Image result for astrophysics for people in a hurry pdfFor this review, I have commented on the issues with the popularization of subjects in science as demonstrated through Neil DeGrasse Tyson’s book.  I, for one, have a special place in my heart for introductory books on different topics written with the average person in mind.  After all, that’s what lead me to, and helped develop, my passion for astronomy.  However, there is an art to balancing content with accessibility, an art which I do not believe Tyson achieved in his book.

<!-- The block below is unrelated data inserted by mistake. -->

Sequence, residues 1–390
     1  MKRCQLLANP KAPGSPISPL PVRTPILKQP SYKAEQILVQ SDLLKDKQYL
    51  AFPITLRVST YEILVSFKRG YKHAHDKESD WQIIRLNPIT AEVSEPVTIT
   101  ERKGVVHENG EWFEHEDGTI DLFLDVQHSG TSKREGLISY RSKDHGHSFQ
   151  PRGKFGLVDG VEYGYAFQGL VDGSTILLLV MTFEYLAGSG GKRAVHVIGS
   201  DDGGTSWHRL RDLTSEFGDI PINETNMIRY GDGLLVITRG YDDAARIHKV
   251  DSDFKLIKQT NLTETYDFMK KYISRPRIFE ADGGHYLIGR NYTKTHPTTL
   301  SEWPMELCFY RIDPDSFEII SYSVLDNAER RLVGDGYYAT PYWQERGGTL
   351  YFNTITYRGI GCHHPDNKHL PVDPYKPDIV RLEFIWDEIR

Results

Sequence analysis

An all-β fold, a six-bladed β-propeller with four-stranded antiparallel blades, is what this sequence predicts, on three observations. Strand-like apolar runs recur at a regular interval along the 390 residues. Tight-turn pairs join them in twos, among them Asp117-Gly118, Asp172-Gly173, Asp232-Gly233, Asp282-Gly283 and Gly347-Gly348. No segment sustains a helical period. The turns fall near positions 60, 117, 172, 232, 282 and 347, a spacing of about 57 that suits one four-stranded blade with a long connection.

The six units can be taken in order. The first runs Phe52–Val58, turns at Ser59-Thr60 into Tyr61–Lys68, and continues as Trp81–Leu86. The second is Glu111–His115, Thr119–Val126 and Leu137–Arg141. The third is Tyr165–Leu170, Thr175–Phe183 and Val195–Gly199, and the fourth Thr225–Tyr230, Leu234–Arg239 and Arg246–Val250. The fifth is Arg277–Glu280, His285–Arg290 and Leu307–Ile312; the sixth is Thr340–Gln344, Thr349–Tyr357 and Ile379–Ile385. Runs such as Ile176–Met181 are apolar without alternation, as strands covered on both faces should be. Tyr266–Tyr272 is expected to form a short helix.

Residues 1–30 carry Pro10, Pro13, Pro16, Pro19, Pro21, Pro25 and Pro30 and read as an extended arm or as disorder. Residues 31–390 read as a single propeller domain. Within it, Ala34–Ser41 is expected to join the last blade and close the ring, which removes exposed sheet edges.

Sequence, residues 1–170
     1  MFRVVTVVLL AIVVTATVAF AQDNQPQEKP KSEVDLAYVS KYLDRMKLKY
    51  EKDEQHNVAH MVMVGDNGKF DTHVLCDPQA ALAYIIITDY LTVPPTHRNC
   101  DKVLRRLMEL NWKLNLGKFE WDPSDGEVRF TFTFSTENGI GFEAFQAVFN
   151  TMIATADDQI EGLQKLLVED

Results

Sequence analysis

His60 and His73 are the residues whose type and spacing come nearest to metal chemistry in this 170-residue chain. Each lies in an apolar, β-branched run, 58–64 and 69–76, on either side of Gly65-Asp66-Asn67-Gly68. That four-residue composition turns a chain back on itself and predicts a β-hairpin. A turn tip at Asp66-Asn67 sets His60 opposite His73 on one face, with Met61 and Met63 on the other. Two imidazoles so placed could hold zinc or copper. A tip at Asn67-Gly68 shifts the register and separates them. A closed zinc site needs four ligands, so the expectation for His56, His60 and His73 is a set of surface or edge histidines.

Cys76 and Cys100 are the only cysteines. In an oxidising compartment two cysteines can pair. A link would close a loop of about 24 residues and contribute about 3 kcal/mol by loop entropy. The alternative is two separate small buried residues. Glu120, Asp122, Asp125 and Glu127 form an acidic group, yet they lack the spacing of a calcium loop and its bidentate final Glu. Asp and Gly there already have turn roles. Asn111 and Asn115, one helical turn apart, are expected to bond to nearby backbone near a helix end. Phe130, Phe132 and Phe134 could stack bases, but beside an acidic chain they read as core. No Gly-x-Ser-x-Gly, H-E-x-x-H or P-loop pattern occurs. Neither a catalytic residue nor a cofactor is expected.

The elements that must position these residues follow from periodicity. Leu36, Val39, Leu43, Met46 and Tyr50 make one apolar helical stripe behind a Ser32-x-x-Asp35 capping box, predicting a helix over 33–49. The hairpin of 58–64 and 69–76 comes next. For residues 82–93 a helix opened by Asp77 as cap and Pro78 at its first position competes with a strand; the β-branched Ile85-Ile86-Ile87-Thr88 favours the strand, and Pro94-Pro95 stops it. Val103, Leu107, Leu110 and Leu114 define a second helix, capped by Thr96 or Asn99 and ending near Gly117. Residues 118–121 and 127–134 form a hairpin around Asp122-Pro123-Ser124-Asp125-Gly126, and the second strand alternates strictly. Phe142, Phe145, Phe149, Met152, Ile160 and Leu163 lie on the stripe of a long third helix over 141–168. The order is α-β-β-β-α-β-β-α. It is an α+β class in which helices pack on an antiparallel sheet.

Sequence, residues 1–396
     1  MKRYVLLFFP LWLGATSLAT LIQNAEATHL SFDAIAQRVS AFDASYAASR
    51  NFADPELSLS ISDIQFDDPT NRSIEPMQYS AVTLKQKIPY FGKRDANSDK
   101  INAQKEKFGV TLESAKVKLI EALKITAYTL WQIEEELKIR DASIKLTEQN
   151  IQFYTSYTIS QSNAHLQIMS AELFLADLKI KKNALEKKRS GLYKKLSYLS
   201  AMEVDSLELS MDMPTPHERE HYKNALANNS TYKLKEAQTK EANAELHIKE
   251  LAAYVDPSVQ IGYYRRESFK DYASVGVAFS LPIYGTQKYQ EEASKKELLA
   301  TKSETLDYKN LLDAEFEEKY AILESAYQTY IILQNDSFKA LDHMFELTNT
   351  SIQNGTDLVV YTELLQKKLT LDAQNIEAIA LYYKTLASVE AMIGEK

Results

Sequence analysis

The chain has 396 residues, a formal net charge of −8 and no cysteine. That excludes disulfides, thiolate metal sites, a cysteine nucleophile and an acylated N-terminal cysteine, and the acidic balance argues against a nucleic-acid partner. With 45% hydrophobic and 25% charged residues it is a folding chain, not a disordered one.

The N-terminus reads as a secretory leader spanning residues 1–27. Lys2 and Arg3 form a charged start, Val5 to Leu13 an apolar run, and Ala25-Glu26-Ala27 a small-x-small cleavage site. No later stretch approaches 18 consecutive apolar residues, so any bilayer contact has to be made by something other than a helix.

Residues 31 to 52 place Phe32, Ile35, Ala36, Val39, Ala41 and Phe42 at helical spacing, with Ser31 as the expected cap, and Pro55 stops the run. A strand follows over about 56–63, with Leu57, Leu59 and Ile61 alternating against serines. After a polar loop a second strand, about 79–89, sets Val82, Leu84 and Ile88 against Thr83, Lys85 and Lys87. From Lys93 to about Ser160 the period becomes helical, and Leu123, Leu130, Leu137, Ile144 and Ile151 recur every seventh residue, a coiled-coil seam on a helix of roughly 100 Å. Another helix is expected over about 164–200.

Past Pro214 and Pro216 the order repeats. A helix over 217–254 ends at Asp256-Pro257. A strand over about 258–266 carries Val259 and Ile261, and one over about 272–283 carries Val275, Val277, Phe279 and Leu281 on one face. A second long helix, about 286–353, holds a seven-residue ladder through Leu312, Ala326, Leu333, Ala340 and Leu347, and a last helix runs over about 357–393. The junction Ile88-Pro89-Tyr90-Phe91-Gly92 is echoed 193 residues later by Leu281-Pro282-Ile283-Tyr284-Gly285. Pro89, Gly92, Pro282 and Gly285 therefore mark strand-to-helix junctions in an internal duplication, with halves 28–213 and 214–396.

Tyson starts the book with a brief introduction which states that the book is intended to be “brief but meaningful introduction to the field (12).  The key phrase being “brief but meaningful”; a totally subjective concept.  After reading the first two chapters I knew that this book was not what I expected or wanted it to be.  Brief but meaningful to me meant the recent history of physics, the origin of the fundamental equations and theories still used currently, and the pressing issues astrophysicists are facing today. I wanted charts, diagrams, graphs, equations.  But what I want and what the mass wants are, apparently, two very different things.